Picture this: Your Easter roast emerges from the oven fragrant and still sputtering, shining like a meat-eater's well-browned dream. The skin, scored in diamonds, is a crisp mahogany, the meat underneath is firm but moist and richly flavored.
What is the secret? Some luxurious cut? Some miraculous new technique?
Not hardly. And it isn't ham or lamb, either. It's pork shoulder -- one of the humblest parts of the pig, commonly available for less than $1 a pound. And the preparation amounts to little more than sticking it in the oven.
For a cook with an Easter feast to prepare (or any other kind), it seems almost too good to be true: a great cut of meat that is easy to fix and will feed a crowd for less than 50 cents a person.
If you're one of the many who complains that pork no longer tastes like it used to, the problem might be that you've been eating too high on the hog. The most celebrated cuts of the pig come from the loin, the lean muscle that runs along the back.
That may have been fine once upon a time, but with today's pigs being bred to be leaner, it's a sure recipe for a dried-out roast. In the push to make pork the next white meat, producers have rendered the most prized cuts as fat free and temperamental as a skinless chicken breast.
That's not a problem with the shoulder, which comes wrapped in a nice coating of skin to protect it from the direct heat and still has plenty of fat to keep the meat moist.
In fact, there are two equally simple techniques you can use that result in two very different types of roast.
There has been much debate recently about the proper final temperature for pork. Some cooks, chasing moist meat, call for endpoint temperatures as low as 140 degrees.
Pork cooked to that temperature may well be juicy, but it still has a slightly "raw" taste. Food scientists call it "metallic." Particularly with a big roast, you're better off cooking it a little more.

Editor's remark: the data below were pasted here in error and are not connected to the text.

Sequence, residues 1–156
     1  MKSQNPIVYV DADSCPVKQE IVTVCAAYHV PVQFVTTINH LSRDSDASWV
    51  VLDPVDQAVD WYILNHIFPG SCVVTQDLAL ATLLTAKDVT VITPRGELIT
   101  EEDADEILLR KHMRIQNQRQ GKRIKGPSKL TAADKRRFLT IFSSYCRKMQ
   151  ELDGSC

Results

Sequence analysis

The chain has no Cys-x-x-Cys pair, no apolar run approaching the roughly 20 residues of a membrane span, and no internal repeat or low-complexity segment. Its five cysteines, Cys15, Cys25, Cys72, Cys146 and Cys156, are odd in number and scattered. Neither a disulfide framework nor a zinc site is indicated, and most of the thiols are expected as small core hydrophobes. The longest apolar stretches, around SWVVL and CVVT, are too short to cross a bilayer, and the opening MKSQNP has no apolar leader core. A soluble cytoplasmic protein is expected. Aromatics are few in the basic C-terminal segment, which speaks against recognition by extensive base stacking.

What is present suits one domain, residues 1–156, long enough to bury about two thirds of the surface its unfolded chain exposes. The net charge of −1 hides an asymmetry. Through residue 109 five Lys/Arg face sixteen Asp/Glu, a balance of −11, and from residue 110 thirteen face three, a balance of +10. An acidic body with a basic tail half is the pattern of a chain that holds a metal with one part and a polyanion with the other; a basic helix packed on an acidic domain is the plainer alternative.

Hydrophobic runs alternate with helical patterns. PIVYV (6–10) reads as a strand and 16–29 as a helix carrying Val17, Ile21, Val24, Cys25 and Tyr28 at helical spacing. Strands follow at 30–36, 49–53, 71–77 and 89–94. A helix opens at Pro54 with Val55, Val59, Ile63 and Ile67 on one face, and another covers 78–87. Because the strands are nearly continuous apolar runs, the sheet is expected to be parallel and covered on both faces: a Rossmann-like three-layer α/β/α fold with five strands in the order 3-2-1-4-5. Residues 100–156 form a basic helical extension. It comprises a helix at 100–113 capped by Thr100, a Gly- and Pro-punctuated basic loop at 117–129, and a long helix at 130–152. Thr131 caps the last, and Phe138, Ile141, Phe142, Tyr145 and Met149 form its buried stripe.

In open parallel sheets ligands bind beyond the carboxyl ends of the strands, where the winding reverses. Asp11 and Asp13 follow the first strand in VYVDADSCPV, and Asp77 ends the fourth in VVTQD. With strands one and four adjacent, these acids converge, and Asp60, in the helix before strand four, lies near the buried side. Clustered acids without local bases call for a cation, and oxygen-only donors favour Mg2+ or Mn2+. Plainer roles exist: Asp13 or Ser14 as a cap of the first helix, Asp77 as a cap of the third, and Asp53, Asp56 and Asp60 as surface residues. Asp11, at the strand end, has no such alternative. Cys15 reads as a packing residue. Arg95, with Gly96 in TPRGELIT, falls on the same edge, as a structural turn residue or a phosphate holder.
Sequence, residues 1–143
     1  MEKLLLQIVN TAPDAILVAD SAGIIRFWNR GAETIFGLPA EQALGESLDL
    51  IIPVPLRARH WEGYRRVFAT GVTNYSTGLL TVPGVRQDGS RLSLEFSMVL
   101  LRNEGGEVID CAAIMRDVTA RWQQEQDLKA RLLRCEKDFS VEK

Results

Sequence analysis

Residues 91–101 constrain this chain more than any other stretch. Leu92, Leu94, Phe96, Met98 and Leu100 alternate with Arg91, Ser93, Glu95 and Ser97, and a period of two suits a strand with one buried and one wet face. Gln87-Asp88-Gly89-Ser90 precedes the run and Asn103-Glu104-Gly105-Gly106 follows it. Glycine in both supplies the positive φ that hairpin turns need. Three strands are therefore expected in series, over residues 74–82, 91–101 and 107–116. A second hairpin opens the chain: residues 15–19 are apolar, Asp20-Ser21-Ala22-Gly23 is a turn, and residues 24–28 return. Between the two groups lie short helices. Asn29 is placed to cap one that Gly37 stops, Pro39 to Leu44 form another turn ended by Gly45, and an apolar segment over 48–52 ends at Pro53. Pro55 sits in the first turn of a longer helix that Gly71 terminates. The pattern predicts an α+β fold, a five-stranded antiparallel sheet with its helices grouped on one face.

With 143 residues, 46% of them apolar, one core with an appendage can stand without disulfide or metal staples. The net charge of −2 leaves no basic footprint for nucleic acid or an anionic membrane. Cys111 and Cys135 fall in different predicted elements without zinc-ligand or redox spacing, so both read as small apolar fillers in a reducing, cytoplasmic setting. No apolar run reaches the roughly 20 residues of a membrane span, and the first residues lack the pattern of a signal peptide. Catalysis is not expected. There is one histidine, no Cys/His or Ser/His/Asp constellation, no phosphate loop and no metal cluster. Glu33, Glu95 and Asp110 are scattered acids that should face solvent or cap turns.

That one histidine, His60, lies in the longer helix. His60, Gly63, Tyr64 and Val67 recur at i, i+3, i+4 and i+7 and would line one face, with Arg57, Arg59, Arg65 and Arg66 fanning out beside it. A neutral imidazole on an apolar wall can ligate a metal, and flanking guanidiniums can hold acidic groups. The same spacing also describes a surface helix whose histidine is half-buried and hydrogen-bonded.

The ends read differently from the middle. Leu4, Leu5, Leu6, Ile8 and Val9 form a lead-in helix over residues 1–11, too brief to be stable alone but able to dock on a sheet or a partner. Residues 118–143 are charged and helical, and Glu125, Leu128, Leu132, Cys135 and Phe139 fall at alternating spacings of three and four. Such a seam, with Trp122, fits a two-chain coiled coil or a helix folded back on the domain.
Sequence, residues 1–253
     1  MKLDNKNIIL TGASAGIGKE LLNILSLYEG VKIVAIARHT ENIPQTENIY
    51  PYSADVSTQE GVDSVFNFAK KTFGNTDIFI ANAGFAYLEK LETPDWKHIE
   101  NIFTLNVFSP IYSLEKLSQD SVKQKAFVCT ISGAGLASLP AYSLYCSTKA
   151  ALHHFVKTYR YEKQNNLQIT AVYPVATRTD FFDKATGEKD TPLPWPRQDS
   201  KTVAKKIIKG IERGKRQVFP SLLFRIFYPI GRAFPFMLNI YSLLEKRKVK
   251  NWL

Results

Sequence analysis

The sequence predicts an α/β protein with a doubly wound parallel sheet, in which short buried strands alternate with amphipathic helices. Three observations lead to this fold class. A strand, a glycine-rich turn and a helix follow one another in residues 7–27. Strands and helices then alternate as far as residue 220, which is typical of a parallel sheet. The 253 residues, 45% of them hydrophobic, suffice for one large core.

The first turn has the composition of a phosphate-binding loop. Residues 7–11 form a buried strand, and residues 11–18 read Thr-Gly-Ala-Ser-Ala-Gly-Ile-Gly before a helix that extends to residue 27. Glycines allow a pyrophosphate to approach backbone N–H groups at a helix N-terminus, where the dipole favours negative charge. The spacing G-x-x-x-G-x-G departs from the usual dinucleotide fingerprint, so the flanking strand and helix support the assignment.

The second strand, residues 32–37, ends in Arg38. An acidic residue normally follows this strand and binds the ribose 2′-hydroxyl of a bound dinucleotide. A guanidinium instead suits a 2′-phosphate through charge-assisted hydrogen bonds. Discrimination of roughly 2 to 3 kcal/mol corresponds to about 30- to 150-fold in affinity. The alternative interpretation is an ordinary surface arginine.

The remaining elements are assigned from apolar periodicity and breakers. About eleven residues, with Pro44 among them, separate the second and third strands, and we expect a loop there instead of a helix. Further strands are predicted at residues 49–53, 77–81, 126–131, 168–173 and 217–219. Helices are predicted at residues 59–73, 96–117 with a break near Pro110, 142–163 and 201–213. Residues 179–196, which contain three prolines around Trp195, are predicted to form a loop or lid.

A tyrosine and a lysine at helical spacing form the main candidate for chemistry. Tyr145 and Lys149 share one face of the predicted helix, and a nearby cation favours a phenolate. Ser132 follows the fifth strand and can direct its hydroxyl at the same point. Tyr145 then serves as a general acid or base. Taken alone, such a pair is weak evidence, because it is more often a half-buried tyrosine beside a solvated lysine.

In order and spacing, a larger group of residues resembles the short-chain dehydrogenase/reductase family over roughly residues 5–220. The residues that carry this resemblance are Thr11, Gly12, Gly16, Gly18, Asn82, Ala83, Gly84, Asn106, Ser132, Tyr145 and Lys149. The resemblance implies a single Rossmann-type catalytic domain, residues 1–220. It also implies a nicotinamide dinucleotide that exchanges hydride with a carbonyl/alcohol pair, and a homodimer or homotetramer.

A paper in the Journal of Food Science several years ago compared pork roasts cooked in 325-degree ovens to final temperatures of 150, 160, 170 and 180 degrees. They found that, in general, while lower internal temperatures did result in more tender and juicy meat, higher temperatures resulted in better flavor.
They compromised, concluding that "the optimum end-point temperature for fresh pork roasts should be" at least 160 degrees and should not exceed 170.
So the first technique uses a 325-degree oven to cook the roast to a temperature of 150 degrees. At that point, the skin will still need some crisping, so turn the oven up to 450 degrees and give your roast a good 15-minute blast. This will raise the internal temperature to between 155 and 160.
Remove the roast from the oven and set it aside until ready to serve --at least 15 minutes for a cut this big. The internal temperature will increase another 5 to 10 degrees and the moisture within the roast will redistribute itself evenly throughout.
This, I thought, was one of the best pork roasts I'd ever made. But then in an e-mail conversation with Paula Wolfert -- the noted cookbook author whose next work, "The Slow Mediterranean Kitchen," is due out in October -- she started bragging about her pork shoulder. She cooks it in a very slow oven to a fairly high internal temperature.
She even included the lyrics to a song, "Slow Food," by Greg Brown: "Give me a ham baked all day long/and help me to the couch.... Put the quiet music on/I will lie and think about that ham/all day long."
So I tried roasting a pork shoulder at 250 degrees to a temperature of 170. After a full six hours of roasting, the meat lived up to Wolfert's claims -- in fact, she may have been being modest. The roast was so moist it almost had the texture of a braise. My knife made squishing noises as I was slicing it.
There is scientific evidence to back up this technique, as well. I found another Journal of Food Science article where the authors roasted pork legs in ovens that were set at 180, 200, 250 and 325 degrees. They found that roasting at 250 degrees was even better than 325.
The only problem with Wolfert's roast was the cracklings never crisped. I tried two more times -- once cooking at 325 degrees to an interior temperature of 170, the other cooking at 250 degrees until the meat was at 150, then giving it that high-heat blast. Neither worked as well as the originals.
In the first trial, the meat was dry. Apparently, moist meat at a high internal temperature depends on a very slow oven. At the same time, the roast cooked in a 250 oven still refused to develop cracklings, even after the final browning. My guess is you need higher heat early to fully render the fat underneath.
So you have to choose: Do you want your shoulder pretty moist with cracklings? Or do you want it incredibly moist without?
Tender or crisp?